Editor’s note: This story first appeared in the June 22 print edition of the Haysville Sun-Times. Subscribe today to see stories like this sooner; call 316-540-0500.
By Sam Jack
Attorneys for former Haysville police officer Robert Crites are scheduled to depose several city officials next week, according to federal court filings.
Crites is suing the city in the U.S. District Court for the District of Kansas, alleging that Haysville discriminated against him when he suffered from post-traumatic stress disorder after he was forced to shoot and kill Chad Leichhardt on May 19, 2014.
The city has denied Crites’ allegations and says employees acted appropriately when they dismissed him.
Police chief Jeff Whitfield, chief administrative officer Will Black, city clerk Janie Cox, assistant city clerk Teri Sanders and former police captain Bruce Powers will be deposed. They are scheduled to answer questions under oath on Wednesday and Thursday, June 28 and 29.
Attorneys representing the city will depose Crites on Tuesday, June 27, according to court filings.
The depositions are part of the discovery process leading up to a possible jury trial on Feb. 27, 2018. The goal of discovery is to get all relevant facts into the record prior to the trial.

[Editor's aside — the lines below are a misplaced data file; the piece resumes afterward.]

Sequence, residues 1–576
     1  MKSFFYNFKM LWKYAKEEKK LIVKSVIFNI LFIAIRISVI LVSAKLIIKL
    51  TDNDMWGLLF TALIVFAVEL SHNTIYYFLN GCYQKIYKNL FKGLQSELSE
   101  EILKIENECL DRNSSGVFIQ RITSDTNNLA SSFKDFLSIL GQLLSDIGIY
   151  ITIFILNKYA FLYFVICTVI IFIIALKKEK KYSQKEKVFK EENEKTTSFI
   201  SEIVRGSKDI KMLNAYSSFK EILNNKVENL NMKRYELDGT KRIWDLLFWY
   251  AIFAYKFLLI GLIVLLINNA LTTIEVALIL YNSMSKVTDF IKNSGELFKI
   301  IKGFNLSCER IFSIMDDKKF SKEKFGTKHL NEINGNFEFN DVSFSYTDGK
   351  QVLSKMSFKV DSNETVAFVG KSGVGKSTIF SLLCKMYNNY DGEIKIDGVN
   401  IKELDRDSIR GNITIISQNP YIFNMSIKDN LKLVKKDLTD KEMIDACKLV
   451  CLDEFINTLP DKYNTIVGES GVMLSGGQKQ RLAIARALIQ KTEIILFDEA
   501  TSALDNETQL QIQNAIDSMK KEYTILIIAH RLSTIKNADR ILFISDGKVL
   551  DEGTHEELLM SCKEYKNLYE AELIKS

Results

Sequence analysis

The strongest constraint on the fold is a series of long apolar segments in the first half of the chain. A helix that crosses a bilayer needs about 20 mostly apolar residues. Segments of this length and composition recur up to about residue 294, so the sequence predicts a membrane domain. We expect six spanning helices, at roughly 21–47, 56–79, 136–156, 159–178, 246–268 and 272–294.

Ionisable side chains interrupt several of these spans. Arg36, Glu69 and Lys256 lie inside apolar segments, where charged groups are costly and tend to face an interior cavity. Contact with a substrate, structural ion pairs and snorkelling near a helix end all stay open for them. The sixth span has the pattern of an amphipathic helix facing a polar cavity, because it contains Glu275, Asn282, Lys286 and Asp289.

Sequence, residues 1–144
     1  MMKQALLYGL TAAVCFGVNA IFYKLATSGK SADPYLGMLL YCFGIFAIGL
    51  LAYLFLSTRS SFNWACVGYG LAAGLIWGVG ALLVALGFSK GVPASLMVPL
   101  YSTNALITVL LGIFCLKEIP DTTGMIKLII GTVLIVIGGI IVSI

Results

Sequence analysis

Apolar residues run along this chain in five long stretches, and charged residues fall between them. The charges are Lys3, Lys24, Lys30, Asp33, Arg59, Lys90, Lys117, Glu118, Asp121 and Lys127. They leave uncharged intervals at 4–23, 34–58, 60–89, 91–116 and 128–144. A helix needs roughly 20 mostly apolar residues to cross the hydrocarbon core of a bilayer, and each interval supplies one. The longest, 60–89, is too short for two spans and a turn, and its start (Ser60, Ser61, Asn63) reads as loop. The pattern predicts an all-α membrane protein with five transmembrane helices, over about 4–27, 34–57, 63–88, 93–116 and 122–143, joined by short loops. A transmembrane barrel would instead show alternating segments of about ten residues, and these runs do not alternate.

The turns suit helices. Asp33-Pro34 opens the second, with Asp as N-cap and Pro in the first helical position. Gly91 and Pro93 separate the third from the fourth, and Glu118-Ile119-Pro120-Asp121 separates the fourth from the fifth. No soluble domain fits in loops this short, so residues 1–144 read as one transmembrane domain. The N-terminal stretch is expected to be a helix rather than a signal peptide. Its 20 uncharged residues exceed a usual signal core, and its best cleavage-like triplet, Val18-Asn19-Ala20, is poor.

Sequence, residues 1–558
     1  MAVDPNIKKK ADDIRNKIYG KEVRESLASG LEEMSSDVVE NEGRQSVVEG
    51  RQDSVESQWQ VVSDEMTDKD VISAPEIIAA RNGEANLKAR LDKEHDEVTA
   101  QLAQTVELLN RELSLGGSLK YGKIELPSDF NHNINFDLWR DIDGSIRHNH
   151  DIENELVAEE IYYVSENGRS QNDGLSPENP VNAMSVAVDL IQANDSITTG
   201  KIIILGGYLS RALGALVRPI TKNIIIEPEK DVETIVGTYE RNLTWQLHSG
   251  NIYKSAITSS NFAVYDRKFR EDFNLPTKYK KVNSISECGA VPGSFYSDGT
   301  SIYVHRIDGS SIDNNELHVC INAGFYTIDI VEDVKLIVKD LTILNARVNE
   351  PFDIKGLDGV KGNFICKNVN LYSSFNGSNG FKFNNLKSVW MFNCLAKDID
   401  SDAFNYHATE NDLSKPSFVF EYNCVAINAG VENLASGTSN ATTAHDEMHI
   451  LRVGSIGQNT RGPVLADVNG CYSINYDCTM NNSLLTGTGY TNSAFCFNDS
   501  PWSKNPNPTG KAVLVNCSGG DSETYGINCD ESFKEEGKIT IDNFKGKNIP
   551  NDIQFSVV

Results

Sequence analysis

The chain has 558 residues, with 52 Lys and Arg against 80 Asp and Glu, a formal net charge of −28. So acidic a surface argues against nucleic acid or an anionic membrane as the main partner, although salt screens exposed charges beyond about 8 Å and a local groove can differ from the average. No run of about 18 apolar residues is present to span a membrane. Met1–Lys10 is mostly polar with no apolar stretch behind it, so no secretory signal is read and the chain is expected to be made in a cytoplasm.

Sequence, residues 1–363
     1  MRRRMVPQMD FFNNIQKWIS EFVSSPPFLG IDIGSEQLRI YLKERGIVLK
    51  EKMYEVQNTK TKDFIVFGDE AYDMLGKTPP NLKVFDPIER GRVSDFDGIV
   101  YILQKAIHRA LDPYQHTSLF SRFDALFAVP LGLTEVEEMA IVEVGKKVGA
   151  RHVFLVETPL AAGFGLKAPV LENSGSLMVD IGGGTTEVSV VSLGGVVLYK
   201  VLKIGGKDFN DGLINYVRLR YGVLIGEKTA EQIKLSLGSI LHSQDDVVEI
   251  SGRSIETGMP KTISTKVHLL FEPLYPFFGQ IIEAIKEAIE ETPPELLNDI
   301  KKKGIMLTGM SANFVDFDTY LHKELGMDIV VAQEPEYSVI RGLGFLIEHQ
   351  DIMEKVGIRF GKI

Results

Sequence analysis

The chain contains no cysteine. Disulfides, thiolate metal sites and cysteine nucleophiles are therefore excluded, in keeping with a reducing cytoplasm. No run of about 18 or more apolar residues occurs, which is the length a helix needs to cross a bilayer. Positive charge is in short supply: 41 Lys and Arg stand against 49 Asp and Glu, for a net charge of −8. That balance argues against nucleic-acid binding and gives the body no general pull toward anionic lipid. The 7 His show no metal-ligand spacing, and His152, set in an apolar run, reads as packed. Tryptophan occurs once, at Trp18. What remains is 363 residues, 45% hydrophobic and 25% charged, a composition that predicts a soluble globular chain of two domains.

A judge has ordered psychologist Bruce Nystrom to turn over all documents relating to his evaluation of Crites. Attorneys for Crites will also depose Nystrom next week.
Nystrom, who was hired by the city to evaluate Crites, wrote in a May 21, 2015, letter to Whitfield that “ongoing critical incident stress symptoms” made Crites unfit for duty, contradicting an earlier evaluation by a psychologist Crites had retained separately.
Crites’ representatives have also sent subpoenas to BNSF Railroad, Southwestern College and Kansas Star Casino, demanding production of personnel records relating to Crites, according to court filings.
All discovery must be completed by Aug. 25, according to a scheduling order the parties agreed to in February. A pretrial conference is scheduled for Sept. 8 at 10 a.m., and certain motions must be submitted by Sept. 22.
A more detailed story about the lawsuit ran in the May 18, 2017, issue of the Sun-Times. Read that story here.